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MOTOR RACING / SHAV GLICK

A Little Luck Brings Big Title

September 02, 1993|SHAV GLICK

Sudden Sam Ermolenko at last has the world speedway motorcycle championship he sought for eight years. Now the rider from Cypress has his sights set on the national championship.

"I'd love to come back and ride in the nationals (Oct. 2) at Costa Mesa in front of all my friends and family," Ermolenko said by phone from his home in Hatton, England. "I've been gone so long I'm afraid some of them might have forgotten me, but I'll bring the (world championship) trophy home for them to see."

Ermolenko, 32, won the World Speedway Final last Sunday at Pocking, Germany, in one of the most controversial meetings ever held. In winning over Hans Nielsen, his longtime rival from Denmark, the Los Alamitos High graduate became only the third American to win in the last 60 years. Jack Milne of Pasadena won in 1937 and Bruce Penhall of Balboa in 1981 and 1982.

"I was lucky, in more ways than one," Ermolenko said. "I've had some luck go against me in the past, but it was all good Sunday."

Ermolenko's first break came in his third heat when he faced the strong Polish rider, Tomas Gollob. In tight quarters heading into the first turn, Gollob was sandwiched between Ermolenko and Italy's Armando Castagna and went down. No foul was called and the entire field restarted. Ermolenko won.

The next heat, matching Ermolenko and three-time champion Nielsen, took more than half an hour to complete the four laps. Nielsen had dropped one point earlier; the American had a perfect record.

"Hans knew he had to beat me to possibly force a runoff," Ermolenko said. "I started from the outside and I was holding my line when he shot up on the inside and we met at the apex and bumped slightly. Both of us kept going, but the back part of his bike took my front wheel out and we both went down."

Referee Frank Ebdon of England called a foul and ejected Nielsen.

"I damaged my bike when I went down, but the referee was so busy trying to calm Nielsen down that I couldn't get his attention. I knew my chain was loose, but when it was time to restart, I had to line up with bike that wasn't right.

"When I went in the first corner, the chain came off. At almost the same instant, Billy Hamill (another American finalist) slid out and went down right next to me. The referee ruled it was first-corner contact and ordered a restart.

"The fans, especially ones from Denmark, really got upset because they thought I should have been excluded, the way Nielsen had been in the other heat. It was a lucky break for me, because I was able to get another bike for the second restart."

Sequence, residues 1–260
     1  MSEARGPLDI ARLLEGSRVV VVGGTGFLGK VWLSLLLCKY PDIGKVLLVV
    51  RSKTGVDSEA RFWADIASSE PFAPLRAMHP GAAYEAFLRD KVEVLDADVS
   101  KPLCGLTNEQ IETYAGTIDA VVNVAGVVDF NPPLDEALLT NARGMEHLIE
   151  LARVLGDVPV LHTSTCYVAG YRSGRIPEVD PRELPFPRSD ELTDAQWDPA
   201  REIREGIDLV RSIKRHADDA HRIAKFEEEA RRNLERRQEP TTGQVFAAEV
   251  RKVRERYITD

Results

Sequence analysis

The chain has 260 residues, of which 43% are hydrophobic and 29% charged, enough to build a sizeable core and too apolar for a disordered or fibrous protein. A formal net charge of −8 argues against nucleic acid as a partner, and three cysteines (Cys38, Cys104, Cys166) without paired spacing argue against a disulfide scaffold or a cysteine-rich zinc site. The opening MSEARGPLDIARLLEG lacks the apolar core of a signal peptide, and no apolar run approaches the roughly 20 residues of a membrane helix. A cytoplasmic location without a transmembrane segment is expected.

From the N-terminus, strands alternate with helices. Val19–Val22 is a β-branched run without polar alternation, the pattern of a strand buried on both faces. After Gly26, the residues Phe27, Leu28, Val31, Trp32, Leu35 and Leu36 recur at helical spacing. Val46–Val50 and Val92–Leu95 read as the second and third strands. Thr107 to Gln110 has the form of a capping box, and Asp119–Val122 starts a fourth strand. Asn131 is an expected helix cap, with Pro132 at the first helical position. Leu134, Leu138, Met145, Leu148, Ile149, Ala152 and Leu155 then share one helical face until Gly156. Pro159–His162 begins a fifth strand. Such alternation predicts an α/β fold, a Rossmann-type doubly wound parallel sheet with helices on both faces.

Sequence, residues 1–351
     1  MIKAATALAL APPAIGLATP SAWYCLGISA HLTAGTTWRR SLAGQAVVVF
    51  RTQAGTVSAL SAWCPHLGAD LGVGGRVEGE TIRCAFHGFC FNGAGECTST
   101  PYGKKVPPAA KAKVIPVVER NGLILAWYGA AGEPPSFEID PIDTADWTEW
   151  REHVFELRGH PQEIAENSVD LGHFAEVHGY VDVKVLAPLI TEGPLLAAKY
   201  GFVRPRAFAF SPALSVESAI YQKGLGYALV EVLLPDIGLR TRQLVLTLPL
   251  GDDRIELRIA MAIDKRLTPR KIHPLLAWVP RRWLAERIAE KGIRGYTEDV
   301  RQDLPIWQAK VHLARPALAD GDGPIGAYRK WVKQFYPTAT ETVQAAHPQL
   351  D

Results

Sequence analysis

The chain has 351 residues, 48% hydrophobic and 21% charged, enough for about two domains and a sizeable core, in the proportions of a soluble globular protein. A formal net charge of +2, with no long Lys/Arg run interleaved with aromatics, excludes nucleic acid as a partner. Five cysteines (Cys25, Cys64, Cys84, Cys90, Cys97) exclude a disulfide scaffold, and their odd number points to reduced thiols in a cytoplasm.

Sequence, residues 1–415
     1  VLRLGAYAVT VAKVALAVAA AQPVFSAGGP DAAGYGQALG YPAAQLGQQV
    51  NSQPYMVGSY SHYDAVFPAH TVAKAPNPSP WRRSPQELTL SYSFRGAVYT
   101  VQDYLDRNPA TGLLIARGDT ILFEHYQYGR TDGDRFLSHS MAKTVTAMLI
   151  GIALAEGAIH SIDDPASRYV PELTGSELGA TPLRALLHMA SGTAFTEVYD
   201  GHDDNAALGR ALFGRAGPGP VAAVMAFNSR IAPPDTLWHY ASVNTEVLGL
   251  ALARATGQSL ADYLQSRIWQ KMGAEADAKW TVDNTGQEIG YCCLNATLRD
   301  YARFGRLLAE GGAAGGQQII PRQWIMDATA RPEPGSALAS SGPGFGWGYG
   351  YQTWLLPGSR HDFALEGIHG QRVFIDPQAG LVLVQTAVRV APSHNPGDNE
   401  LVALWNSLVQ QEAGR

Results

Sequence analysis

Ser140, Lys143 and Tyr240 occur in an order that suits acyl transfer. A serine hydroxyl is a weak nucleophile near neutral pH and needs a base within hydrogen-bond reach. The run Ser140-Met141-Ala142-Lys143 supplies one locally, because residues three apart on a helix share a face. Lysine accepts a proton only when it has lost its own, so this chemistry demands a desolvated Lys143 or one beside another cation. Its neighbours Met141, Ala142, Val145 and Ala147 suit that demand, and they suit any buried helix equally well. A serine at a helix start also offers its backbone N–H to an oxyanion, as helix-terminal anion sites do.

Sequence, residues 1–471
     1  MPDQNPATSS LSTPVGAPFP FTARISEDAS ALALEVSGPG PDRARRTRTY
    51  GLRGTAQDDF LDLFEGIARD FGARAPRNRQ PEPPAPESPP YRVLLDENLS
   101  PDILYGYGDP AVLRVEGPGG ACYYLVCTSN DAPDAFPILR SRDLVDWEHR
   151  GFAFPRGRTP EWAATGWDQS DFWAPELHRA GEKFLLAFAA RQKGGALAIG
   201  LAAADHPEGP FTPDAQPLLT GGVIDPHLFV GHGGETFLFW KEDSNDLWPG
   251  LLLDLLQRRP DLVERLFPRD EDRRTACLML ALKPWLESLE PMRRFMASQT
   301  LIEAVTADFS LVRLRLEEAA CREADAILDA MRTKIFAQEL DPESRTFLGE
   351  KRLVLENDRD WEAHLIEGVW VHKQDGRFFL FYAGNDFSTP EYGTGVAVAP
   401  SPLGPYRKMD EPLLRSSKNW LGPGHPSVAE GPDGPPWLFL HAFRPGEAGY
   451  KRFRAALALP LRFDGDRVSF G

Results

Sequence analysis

The second restart was a long time coming, because a group of Danes jumped the fence and staged a sitdown strike in the middle of the track. They didn't leave until police were called to get them back in the stands.

Once the heat finally ran, Ermolenko won and his 12 points were enough to clinch the title. Nielsen and Chris Louis, a young English rider, tied for second with 11 and Nielsen won the runoff.

Eight years ago, Ermolenko was an unknown American who stunned the Europeans when he got in a runoff for the championship. He finished third behind Erik Gunderson of Denmark and Nielsen. Two years later, he finished third again behind Nielsen and Gunderson.

In 1989, during the world long track championships in West Germany, Ermolenko went down in front of the pack and was run over by trailing riders. His thigh was broken in three places and it took surgeons seven hours to repair it. He also had a broken wrist, nose and facial injuries. He didn't race for nearly a year.

"A lot of people didn't expect me back, but they didn't the first time I got hurt bad, either," Ermolenko said.

In 1977, when he was a high school junior and a budding motocross rider, Ermolenko was hit by a car that turned left in front of him, and he spent two months in a hospital recuperating from a broken shoulder, elbow and crushed thighbone.

"I didn't ride for two years and when I started back, I switched to speedway because I couldn't bend my right knee enough to ride motocross. I'd never seen a speedway race until I went to Costa Mesa with a friend one night in 1980, but I got the feel of it pretty quick."

When the new world champion returned home from Germany this week, he found his schedule jammed. He raced Wednesday in England and was scheduled today in Sweden, Friday in Denmark and Saturday and Sunday in Poland.

"I'm a hot commodity after winning last week," he said. "The phones and the fax have been ringing off the hook with offers, but the one I appreciated most was the one from Harry Oxley (promoter at the Orange County Fairgrounds in Costa Mesa), inviting me to the nationals. I hope to be there. It's one I haven't won yet."

Motor Racing Notes

MIDGETS--United States Auto Club three-quarter midgets return to Ventura Raceway on Saturday night along with mini sprints and dwarf cars. J.J. Ercse of Bellflower leads the TQ standings with 423 points to 414 for Kenny White of Ventura. The USAC full midgets will be back Sept. 11.

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